Posts by Luke M

    You could do a COUNTIFS and see if there's at least one data point.


    Should be doable, but some more info would be helpful for building the exact code. Are you wanting to send a basic message to each user, an image from body of workbook, or an attachment? Is it just the two columns of data we need to work with?


    One way I'd do it is to copy the list of emails to a new blank column, Remove Duplicates. Then cycle through that unique list and use it to filter for emails back in your original data. Depending on what we do next, we either create an attachment to send, or copy and image.

    The labels in a PivotTable, including dates, are all displayed as Text. So, when trying to match up against the numerical date in A1, it's failing. You might have success by changing the "$A$1" argument to this
    TEXT($A$1, "dd/mm/yyyy h:mm")

    Here's an example to find last row with data in a column.

    Code
    1. Sub FindData()
    2. Dim lastRow As Long
    3. lastRow = ActiveCell.EntireColumn.Find(what:="*", LookIn:=xlValues, searchdirection:=xlPrevious).Row
    4. MsgBox "Last row with data: " & lastRow
    5. End Sub

    Between dynamic and table, I'd say the table will generally always win (assuming you don't need XL2003 and older compliancy). Beyond that, your next consideration is whether the data should be in a database like Access vs. Excel. If you start handling over 100k of rows, XL will start to struggle to keep up.

    I'd suggest using the table. It's more "native" should will be faster than first having to do a formula calculation (even a simpel one) to define the table range. Also, using the strcutural references it'll be easier later to determine what all the formulas are doing (assuming good field names).

    Digger deeper, why do you want the cell address? Reason I ask, many times people do this and then feed the address into INDIRECT, when it's generally easier to get the data directly.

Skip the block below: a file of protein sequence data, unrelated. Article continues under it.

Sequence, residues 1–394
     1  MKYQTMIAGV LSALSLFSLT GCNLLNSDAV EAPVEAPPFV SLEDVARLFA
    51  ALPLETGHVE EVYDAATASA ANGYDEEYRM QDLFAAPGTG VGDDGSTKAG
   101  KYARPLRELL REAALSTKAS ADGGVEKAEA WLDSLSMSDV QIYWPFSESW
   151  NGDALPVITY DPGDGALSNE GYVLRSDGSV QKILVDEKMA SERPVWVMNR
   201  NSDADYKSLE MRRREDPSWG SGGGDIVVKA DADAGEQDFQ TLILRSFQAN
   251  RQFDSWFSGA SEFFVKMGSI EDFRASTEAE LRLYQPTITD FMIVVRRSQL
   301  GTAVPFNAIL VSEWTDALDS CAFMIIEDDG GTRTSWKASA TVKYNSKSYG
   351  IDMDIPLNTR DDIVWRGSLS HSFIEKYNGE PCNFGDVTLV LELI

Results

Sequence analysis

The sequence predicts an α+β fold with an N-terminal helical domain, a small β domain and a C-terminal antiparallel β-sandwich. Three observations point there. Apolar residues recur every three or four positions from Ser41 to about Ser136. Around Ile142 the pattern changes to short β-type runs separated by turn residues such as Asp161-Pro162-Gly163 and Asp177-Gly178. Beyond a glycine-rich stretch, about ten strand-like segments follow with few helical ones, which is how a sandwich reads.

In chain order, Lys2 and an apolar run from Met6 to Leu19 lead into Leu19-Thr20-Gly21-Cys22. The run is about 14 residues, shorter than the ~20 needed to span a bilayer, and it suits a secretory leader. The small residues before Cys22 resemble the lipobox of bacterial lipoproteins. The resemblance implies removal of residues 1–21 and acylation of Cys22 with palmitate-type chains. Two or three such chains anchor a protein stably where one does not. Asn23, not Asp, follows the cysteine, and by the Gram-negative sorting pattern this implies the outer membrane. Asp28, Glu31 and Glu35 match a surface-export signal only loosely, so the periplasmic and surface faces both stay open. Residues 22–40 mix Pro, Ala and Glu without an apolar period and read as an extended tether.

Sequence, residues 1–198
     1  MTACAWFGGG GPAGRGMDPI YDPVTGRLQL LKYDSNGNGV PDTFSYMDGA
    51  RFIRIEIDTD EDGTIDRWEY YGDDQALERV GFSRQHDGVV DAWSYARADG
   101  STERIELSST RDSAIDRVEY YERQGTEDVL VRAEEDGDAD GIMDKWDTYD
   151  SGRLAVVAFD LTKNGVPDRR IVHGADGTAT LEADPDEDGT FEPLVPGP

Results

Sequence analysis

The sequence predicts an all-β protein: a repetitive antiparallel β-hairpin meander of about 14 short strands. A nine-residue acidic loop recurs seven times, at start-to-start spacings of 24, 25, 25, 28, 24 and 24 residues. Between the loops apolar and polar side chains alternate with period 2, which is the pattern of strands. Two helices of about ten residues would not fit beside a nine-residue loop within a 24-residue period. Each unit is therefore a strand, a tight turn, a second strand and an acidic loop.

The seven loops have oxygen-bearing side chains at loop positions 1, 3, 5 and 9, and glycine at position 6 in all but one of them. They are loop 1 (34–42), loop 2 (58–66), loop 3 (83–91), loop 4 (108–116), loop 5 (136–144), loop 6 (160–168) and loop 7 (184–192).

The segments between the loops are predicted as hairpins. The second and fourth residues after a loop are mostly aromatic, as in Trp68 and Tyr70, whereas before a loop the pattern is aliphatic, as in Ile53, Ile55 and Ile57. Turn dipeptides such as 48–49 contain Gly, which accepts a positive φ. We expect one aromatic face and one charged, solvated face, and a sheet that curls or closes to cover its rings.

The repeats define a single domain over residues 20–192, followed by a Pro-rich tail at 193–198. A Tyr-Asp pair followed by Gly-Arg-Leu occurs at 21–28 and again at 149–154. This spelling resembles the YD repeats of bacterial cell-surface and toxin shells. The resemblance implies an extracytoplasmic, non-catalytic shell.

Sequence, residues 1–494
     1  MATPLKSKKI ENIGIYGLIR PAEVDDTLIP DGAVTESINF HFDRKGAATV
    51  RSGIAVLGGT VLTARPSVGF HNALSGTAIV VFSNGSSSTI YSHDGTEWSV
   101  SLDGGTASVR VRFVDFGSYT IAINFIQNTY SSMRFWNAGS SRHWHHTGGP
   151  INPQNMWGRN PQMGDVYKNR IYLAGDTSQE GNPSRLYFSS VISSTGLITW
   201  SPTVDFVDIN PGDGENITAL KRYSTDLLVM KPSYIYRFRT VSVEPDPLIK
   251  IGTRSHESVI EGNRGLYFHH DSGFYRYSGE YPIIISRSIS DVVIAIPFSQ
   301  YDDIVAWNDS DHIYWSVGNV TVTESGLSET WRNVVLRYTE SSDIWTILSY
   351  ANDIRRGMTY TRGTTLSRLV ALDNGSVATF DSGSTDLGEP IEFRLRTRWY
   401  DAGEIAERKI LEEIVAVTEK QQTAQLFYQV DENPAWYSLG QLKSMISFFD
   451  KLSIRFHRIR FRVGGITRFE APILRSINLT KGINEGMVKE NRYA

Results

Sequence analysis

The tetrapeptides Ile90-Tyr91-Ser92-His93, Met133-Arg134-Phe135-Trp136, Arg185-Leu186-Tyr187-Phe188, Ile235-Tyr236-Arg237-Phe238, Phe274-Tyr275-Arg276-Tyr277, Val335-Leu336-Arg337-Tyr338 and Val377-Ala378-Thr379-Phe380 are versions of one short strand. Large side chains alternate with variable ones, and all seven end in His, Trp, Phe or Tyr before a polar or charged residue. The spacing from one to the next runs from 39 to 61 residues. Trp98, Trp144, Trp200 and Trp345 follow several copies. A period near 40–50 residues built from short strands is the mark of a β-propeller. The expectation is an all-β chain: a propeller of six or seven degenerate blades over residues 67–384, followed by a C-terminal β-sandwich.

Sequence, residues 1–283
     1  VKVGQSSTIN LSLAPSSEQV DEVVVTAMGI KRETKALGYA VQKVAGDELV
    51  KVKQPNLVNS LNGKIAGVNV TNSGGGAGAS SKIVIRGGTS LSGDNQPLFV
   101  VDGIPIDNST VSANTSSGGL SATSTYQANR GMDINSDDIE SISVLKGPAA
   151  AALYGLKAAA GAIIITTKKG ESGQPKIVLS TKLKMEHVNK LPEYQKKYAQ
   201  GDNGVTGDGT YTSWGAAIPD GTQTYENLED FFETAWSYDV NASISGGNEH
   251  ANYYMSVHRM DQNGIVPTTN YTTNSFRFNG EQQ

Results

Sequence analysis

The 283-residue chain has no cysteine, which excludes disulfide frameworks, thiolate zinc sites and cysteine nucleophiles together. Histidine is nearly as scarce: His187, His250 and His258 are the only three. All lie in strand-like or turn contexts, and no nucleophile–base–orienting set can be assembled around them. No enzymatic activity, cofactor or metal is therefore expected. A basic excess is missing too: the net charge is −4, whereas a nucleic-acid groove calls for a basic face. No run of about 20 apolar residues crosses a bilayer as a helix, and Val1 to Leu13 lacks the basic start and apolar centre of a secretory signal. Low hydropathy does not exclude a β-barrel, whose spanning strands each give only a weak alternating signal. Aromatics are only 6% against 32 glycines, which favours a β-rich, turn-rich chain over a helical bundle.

But, assuming value only appears once
    =ADDRESS(SUMPRODUCT((TableRange="SearchValue")*ROW(TableRange)), SUMPRODUCT((TableRange="SearchValue")*COLUMN(TableRange)))

    Wow, that one was buried deep. Turns out the names were hidden from the file manager. Not sure how, but they're there. If you run this short script, you'll then be able to see the names and delete them.

    Code
    1. Sub RevealSecrets()
    2. Dim nm As Name
    3. For Each nm In ActiveWorkbook.Names
    4. nm.Visible = True
    5. Next nm
    6. End Sub

    You need a way to tell the VBA that you're not ending the string, so we use double quotation marks to indicate that "yes, I want a quotation mark here". I also went through and optimized things a little bit

    My guess is that you have a sheet name with a space somewhere in the name. In which case, you need to make sure you're including single quotation marks around the sheet name. Try something like this

    Try this. It'll automaitcally clear out old query before running, and it returns all matches and relvant info.


    You want to use the EntireRow to get the range selected, not the Row property.

    I'd suggest just putting a mark of some kind in a helper column (maybe an "X"?), and then use Data - Filter, and you can filter your sheet to only show those present, and print that out.

    Yep, just need to know where you're going. Command line to take you anywhere is something like

    Code
    1. Application.Goto Workbooks("Some book.xlsx").Worksheets("Some sheet").range("B4")
    2. Call MyMacro